BMD and census records free on Findmypast to mark 100th anniversary of women’s right to vote

By Rosemary Collins, 1 February 2018 - 1:19pm

Findmypast is making the records free for a week to celebrate the release of its new suffragette collection


Police arresting a suffragette, c1912. Credit: Bettmann

Thousands of British and Irish census, birth, marriage and death records are available for free on Findmypast for the next week (1-8 February) to mark the 100th anniversary of women’s suffrage.

In addition, more than 3,000 Metropolitan Police and Home Office records revealing the authorities’ surveillance of the suffragette movement are available on the website in a new collection.

The census and BMD records will be free until 8 February, while the suffragette collection will be free until 8 March – International Women’s Day.

To view them, users will have to register for a Findmypast account but will not be charged.

The suffragette collection, consisting of digitised files from The National Archives (TNA), includes a police watch list of 1,300 known suffragettes, as well as highly detailed material about a small number of individuals involved in illegal protests including arson, smashing windows and vandalising paintings.

There are also details of court cases and the suffragettes’ prison sentences, during which many were force-fed, as well as visual material including photographs and fingerprints.

The records are cross-referenced with Findmypast’s existing census and court records and articles from the newspapers The Suffragette and Britannia.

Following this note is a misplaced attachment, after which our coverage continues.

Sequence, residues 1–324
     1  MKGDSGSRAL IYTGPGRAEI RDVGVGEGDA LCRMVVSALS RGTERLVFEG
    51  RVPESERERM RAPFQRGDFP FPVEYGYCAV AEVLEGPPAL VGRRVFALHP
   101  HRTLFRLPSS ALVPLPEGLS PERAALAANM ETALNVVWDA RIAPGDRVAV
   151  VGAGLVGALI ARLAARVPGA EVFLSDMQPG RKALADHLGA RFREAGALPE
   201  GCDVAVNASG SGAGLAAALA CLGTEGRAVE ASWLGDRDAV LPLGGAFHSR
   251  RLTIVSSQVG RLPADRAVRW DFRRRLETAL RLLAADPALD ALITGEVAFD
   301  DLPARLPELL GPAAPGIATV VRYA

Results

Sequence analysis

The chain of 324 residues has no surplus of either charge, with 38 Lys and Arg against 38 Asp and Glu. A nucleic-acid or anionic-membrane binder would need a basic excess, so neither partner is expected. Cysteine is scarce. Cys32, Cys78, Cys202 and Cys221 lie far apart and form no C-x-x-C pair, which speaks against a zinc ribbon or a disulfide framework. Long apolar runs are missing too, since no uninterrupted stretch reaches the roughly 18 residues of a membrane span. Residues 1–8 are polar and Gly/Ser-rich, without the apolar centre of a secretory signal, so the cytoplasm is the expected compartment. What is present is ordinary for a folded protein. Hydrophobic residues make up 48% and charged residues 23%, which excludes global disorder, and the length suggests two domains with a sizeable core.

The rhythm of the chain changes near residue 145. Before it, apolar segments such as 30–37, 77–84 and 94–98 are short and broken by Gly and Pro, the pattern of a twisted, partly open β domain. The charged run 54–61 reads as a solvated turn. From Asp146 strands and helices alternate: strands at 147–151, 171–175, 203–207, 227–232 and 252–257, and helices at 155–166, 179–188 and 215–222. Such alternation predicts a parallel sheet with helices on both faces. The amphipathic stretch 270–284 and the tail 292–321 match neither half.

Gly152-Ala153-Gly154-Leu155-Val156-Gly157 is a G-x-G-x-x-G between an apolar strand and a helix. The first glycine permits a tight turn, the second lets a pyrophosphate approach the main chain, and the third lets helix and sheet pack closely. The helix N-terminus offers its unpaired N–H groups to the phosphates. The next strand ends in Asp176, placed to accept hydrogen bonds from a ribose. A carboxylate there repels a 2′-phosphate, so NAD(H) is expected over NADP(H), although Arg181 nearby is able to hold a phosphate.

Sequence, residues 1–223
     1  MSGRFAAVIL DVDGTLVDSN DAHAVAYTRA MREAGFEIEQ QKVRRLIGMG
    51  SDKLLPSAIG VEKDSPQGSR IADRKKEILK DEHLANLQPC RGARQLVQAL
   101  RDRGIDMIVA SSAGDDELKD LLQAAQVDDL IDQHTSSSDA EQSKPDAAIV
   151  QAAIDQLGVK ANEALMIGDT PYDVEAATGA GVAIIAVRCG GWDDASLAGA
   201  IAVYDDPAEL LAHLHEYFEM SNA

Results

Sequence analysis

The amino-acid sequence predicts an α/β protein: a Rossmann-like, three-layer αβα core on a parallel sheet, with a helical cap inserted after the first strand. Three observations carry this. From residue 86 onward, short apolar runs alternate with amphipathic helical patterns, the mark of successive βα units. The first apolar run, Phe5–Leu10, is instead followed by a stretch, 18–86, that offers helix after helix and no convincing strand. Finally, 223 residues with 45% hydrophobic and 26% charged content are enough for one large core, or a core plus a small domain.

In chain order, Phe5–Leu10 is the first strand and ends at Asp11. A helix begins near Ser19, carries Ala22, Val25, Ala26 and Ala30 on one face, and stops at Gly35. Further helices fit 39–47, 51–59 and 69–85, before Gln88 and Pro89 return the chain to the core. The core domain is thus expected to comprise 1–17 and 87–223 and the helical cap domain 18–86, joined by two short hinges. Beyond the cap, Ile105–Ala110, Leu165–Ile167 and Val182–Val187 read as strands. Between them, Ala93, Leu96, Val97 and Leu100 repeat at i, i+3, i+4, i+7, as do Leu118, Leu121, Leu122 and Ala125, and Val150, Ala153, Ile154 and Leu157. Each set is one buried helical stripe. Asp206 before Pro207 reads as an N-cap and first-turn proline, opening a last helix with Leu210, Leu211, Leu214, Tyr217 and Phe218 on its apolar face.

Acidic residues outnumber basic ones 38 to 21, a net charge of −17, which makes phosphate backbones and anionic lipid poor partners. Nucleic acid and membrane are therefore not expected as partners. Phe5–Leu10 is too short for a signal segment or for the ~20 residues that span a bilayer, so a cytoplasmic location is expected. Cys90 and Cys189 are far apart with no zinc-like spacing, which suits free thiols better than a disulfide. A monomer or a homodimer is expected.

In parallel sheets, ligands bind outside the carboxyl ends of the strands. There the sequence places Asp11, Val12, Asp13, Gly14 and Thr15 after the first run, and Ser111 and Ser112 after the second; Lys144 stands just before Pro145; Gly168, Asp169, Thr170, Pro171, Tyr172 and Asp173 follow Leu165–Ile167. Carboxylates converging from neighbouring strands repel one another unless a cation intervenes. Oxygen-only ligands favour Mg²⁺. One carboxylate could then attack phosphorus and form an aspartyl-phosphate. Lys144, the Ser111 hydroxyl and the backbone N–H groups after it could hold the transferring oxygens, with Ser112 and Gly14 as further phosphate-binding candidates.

One dataset, an index of suffragettes arrested between 1906 and 1914, has already been released on Ancestry, but many of the other records are being made available to the public for the first time.

Victoria Iglikowski, principal records specialist for diverse histories at TNA, said the records revealed “a highly organised, national movement from the smallest villages to the biggest cities, crossing class lines, in the first step towards voting equality”.

In the early part of the 20th century, the movement for women’s rights in Britain was divided between the peaceful suffragists and the suffragettes, who were led by Emmeline Pankhurst and her daughters via the Women’s Social and Political Union.

They took part in many acts of illegal direct action in their campaign for women to be able to vote.

The Representation of the People Act, which passed into law on 6 February 1918, granted suffrage to women over 30 who met certain qualifications, as well as allowing all men over 21 to vote for the first time.

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